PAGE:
Washington state lawmakers bring bill to ban most cannabis concentrates



Citing concerns about a suspected connection between cannabis and psychosis, a group of Washington state lawmakers wants to slash the allowed potency of all non-medical cannabis concentrates, limiting THC levels to no more than 10%.

The bill would force thousands of legal consumers into the illegal market, which has killed dozens with tainted vape cartridges.

The new proposal, House Bill 2546, would dramatically alter the face of Washington’s legal cannabis landscape by outlawing the vast majority of state-licensed vape cartridges, dabbable extracts, and other concentrated products. Such products are increasingly popular with consumers, lawmakers noted in the bill, accounting for nearly 40% of the state’s legal cannabis sales in 2019.

Experts warn that the move, ostensibly aimed at improving public health, could quickly backfire. Leo Beletsky, a professor of law and public health at Northwestern University, said that a blanket ban on such a large swath of popular products would likely drive consumers into the illegal market.

“There may well be rationale for eliminating some portion of the riskiest products on the market if there’s evidence to support that, but doing that with 40% off the products would make very little sense,” Beletsky said. “If 40% of the market is toward these products and then you ban them, you’d definitely be creating a push towards the black market.”

Illegal concentrates led to 57 deaths

And that’s where far more serious health dangers may lurk. Federal Centers for Disease Control (CDC) officials have concluded that vitamin E oil used to dilute illegal-market vape cartridges has been responsible for nearly all cases of VAPI (also known as EVALI), the deadly lung condition that has killed at least 57 Americans in the past year. Vitamin E oil did not show up in the state-licensed market because potency testing, which is required in legal markets, would reveal cartridges cut with vitamin E oil to be severely lacking in THC—and thus all but unsellable.

Beletsky called the proposed 10% THC cutoff “puzzling” and “arbitrarily low.” Recent studies have indicated a link between cannabis use and psychosis in a very small percentage of consumers, he acknowledged, but the science is far from settled. Some evidence, for example, suggests that patients with psychosis may actually be self-medicating with THC to better cope with symptoms.

“I think there is a reason for concern,” Beletsky said, “but we need far more information and far more high-quality research to try to guide these legal steps.”

10% pulled out of the air

The bill’s 10% cutoff comes from a study that defined “high-potencycannabis as products containing more than 10% THC. The study found that regular consumers of high-THC products had higher instances of psychosis. But as Beletsky pointed out, the 10% threshold appears to be arbitrary, borrowed by lawmakers not because of its scientific grounding but simply because it was there.

“They cite this study where they used a 10% number for a cutoff for what they define to be high-potency,” he said. “I’m not sure that is a number that makes sense.”

Low potency would require more diluents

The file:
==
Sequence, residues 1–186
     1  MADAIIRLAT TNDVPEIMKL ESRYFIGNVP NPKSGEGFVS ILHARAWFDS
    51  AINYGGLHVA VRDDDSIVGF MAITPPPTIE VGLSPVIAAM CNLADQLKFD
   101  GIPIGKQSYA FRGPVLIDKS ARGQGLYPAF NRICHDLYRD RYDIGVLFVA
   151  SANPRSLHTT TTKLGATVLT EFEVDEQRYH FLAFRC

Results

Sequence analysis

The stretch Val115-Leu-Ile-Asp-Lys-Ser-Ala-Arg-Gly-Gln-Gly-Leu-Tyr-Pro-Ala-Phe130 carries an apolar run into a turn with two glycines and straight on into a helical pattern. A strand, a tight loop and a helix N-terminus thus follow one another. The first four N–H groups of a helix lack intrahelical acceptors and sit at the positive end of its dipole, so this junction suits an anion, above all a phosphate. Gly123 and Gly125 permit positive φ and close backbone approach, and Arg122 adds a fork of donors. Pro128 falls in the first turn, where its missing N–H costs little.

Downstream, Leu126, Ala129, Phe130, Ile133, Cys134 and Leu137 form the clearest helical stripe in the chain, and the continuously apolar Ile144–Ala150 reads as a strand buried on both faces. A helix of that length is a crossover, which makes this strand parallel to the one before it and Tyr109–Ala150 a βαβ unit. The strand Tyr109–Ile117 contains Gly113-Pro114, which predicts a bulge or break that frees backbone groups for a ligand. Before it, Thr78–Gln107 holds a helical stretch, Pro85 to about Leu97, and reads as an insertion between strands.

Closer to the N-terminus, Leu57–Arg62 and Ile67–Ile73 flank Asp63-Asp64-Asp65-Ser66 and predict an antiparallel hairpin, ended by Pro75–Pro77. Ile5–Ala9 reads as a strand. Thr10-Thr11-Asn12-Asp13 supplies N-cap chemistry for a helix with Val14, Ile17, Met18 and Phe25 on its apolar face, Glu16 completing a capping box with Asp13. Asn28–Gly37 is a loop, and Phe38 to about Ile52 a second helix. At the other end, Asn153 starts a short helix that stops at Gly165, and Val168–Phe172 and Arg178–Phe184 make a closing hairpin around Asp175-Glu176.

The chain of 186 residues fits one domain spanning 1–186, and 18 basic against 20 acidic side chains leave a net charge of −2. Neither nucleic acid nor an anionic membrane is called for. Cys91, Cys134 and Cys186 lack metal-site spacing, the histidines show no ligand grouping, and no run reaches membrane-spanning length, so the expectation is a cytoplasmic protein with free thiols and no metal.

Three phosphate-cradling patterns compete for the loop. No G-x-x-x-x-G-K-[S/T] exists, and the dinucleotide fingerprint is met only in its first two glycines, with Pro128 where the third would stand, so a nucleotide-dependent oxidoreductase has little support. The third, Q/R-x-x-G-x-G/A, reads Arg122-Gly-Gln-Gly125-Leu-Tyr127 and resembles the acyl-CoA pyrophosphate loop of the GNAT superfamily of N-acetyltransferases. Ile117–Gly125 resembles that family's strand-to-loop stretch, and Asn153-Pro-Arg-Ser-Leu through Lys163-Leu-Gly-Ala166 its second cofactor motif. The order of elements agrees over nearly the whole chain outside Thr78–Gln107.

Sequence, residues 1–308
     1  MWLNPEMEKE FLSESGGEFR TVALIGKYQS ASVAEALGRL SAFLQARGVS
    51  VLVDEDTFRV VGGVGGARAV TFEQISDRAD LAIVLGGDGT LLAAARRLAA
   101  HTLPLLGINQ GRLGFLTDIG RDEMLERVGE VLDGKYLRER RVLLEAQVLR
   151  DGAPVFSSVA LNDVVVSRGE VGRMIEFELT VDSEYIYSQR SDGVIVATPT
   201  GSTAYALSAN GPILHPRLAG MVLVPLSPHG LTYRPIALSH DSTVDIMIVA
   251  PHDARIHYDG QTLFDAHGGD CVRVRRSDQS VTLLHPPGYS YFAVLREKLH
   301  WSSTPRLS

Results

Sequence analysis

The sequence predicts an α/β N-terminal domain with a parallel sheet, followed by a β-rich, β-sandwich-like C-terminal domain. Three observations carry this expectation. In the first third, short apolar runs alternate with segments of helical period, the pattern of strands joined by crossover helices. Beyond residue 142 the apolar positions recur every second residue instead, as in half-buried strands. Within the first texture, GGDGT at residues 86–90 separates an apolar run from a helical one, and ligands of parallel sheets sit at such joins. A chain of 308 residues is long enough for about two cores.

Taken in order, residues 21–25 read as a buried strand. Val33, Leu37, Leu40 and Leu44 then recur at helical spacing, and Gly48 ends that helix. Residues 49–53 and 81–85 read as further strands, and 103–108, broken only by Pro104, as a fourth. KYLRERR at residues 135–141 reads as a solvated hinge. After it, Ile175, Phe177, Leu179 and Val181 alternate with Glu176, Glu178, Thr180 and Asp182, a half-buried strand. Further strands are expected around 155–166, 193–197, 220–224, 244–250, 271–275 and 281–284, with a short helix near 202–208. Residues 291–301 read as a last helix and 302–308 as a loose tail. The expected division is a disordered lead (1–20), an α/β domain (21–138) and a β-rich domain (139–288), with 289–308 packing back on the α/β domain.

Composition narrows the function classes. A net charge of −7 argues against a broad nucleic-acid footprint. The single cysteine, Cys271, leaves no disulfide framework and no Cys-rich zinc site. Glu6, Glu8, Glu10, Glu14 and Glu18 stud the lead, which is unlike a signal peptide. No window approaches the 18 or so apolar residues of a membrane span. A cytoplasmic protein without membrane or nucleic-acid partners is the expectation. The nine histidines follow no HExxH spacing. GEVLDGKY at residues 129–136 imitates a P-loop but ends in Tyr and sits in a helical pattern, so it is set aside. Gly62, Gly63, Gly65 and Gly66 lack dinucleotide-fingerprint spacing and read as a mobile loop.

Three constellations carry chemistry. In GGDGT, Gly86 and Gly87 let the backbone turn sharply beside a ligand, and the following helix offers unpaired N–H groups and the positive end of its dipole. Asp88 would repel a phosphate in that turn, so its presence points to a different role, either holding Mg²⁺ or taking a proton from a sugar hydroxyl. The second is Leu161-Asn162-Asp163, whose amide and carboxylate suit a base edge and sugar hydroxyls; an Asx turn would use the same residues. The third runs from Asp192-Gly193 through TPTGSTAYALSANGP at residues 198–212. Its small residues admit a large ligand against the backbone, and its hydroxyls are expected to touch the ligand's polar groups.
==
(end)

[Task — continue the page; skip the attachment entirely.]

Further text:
The new bill also raises other questions, such as how to effectively produce such low-potency extracts. Because concentrates are usually made from cannabis flower or trim that itself contains about 10% to 30% THC, concentrated extracts almost by definition contain more. Typical concentrates contain about 40% to 70% THC, while some purified products can approach nearly 100% THC.

To create concentrate products that would comply with HB 2546’s strict limit, processors would likely have to dilute their products or start with especially low-potency plant material, industry experts said.

Daniel Luebke, director of marketing and brand for Seattle-based cannabis extractor Heylo, said that to comply with the new rule, concentrate producers would need to blend THC extracts either with other cannabinoids, such as CBD, or add cutting agents to dilute the concentration.

“We’re trying to preserve the chemistry that’s in the flower and just make a concentration of it,” Luebke said. “To cater to the [new 10% THC] legal demand, we would have to be making an inferior product, essentially, and going away from the method we’ve developed, that our customers love.”

‘No measurable benefit’

Passage of HB 2546 wouldn’t ultimately impact consumer demand for high-potency concentrates, Luebke predicted. “It’s a question of whether they’re getting safe products and whether the state’s getting that revenue.”

Concentrate products manufactured by state-licensed companies are required to undergo lab testing, and may be recalled at the first sign of trouble. New state rules established after the nationwide vaping scare now limit many dangerous additives to vape cartridges and other state-licensed products. There are no such controls over illicit-market products.

Christine Bryant, marketing director for cannabis retailer Hashtag, said passage of HB 2546 “would decimate our inventory.” Even most of the store’s high-CBD concentrates, she said, come in at about 20% THC.

“I think I can even wrap my mind around the spirit of the bill,” Bryant said, acknowledging that the consequences of psychosis are “terrifying.” But she remains unconvinced “that a 10% cap on THC concentrates would provide any measurable benefit to end consumers.”

Read more from the source: Leafly.com

Photo: (Mitch/iStock)

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